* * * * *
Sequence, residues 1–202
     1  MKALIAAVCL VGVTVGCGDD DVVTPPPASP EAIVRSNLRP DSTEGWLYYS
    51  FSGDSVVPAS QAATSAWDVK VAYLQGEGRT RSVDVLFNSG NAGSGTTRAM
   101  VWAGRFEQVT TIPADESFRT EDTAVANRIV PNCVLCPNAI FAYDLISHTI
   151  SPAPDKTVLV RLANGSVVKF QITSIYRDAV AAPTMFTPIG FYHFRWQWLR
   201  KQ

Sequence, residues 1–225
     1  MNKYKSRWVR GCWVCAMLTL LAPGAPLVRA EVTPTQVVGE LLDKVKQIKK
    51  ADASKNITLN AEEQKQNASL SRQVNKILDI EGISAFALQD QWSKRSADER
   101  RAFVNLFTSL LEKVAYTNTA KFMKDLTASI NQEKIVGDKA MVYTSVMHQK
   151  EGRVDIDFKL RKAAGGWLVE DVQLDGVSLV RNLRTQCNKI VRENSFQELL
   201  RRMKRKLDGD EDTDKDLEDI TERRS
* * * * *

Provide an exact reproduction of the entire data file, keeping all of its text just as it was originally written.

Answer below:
Sequence, residues 1–202
     1  MKALIAAVCL VGVTVGCGDD DVVTPPPASP EAIVRSNLRP DSTEGWLYYS
    51  FSGDSVVPAS QAATSAWDVK VAYLQGEGRT RSVDVLFNSG NAGSGTTRAM
   101  VWAGRFEQVT TIPADESFRT EDTAVANRIV PNCVLCPNAI FAYDLISHTI
   151  SPAPDKTVLV RLANGSVVKF QITSIYRDAV AAPTMFTPIG FYHFRWQWLR
   201  KQ

Sequence, residues 1–225
     1  MNKYKSRWVR GCWVCAMLTL LAPGAPLVRA EVTPTQVVGE LLDKVKQIKK
    51  ADASKNITLN AEEQKQNASL SRQVNKILDI EGISAFALQD QWSKRSADER
   101  RAFVNLFTSL LEKVAYTNTA KFMKDLTASI NQEKIVGDKA MVYTSVMHQK
   151  EGRVDIDFKL RKAAGGWLVE DVQLDGVSLV RNLRTQCNKI VRENSFQELL
   201  RRMKRKLDGD EDTDKDLEDI TERRS